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A New York Halloween

In New York, Halloween begins in early September and builds in a steady crescendo of pumpkins and black latex to the weekend nearest to October 31, when New York's apartment buildings and houses unleash upon the city streets eight million costumed citizens.

world Updated: Oct 31, 2010 00:13 IST

In New York, Halloween begins in early September and builds in a steady crescendo of pumpkins and black latex to the weekend nearest to October 31, when New York's apartment buildings and houses unleash upon the city streets eight million costumed citizens.

Halloween in New York is not just witches and dime-store zombies. We're in the creative capital of the world — and the best New York costumes often border on conceptual art.

Among the thousands of costumes that parade by, I've seen a woman dressed as a subway turnstile, a man tricked out as a Tetris block (lots of foam) and countless Lady Gagas (lots of make-up, little clothing). Halloween here is no kids' game. In fact, with its roving cadres of slutty nurses and suggestive genies – do not rub the lamp! – it is emphatically not for children. For us adults, it's a chance to play dress-up with millions of others. Forget New Year's Eve. Halloween is New York City's finest hour.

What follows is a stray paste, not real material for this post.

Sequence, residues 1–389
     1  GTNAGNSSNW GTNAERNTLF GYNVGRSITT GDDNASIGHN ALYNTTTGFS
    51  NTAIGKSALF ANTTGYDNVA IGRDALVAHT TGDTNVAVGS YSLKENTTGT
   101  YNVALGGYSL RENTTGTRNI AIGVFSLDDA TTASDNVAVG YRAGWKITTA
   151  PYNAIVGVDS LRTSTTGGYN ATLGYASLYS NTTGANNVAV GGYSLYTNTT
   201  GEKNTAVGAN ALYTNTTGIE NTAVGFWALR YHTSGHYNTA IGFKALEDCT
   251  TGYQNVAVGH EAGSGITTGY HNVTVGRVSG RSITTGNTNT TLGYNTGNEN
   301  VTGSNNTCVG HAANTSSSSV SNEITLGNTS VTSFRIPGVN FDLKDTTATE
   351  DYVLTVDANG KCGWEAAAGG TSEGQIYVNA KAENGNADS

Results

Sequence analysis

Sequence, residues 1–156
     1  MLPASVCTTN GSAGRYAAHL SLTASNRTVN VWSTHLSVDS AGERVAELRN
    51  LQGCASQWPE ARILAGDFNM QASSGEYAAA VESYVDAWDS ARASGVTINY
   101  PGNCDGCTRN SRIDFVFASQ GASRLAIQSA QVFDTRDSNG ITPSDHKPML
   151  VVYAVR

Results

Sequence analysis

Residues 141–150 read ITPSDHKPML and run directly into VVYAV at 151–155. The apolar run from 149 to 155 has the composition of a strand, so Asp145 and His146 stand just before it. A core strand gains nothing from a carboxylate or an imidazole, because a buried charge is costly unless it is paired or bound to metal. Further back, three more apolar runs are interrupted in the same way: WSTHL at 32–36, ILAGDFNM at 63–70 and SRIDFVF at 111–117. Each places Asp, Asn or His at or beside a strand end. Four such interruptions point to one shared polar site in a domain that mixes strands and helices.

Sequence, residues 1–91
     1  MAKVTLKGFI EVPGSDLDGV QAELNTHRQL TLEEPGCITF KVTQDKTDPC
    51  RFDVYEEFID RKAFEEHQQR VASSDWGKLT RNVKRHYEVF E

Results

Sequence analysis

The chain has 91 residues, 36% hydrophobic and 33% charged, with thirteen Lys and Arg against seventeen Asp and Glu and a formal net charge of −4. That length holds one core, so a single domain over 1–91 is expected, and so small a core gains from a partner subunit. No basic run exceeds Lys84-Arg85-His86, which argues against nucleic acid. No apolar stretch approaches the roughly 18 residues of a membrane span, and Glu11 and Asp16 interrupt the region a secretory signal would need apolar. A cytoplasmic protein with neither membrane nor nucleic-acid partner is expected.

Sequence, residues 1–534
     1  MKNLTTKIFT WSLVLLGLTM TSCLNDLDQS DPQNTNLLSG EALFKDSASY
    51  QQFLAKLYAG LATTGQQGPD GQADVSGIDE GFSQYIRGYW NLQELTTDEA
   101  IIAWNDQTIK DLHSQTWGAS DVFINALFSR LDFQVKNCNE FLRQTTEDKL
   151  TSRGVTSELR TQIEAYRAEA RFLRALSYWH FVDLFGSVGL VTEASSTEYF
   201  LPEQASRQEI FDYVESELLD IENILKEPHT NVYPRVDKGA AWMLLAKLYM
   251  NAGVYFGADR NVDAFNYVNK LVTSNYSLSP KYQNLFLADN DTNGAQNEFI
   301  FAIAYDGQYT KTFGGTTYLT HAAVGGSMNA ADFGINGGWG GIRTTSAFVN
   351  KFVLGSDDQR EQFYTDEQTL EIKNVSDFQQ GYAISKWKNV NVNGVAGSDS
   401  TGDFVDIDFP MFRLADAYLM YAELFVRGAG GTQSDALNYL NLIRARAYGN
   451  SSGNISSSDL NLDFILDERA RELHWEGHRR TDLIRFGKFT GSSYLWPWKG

“Halloween is like Mardi Gras,” says Jeff Stark, whose email list supplies the city's revellers with underground parties. “This year, with Halloween on a Sunday, you'll party so hard on Friday and Saturday that by the time Halloween comes, you'll be all worn out.”

Perhaps the biggest and best, and by far the wildest, party in New York this season will be Within the Land of Ash. The party lasts from 7pm Saturday to 7am Sunday and stretches across five Brooklyn venues.

But for Halloween itself, there’s probably no greater spectacle than the annual Halloween parade that has coursed through Greenwich Village, a deluge of larger-than-life puppets and Village freaks, for 38 years. The parade is the backbone of New York City’s Halloween scene.

If you don’t want to dress up, you can volunteer to carry one of the giant puppets that coast up Sixth Avenue like jangly disembodied spirits. For a more participatory but non-parade experience, I’d suggest forgoing bars and sticking to hotels or clubs. Many hotels offer Halloween packages and Halloween parties.

But if you want the really creepy and truly New York Halloween experience, head back into Brooklyn. Coney Island’s Creepshow at the Freakshow, a sprawling haunted tour through the already rather creepy amusement park, proves there’s nothing scarier than a deserted rollercoaster at night, except, of course, one populated by zombies.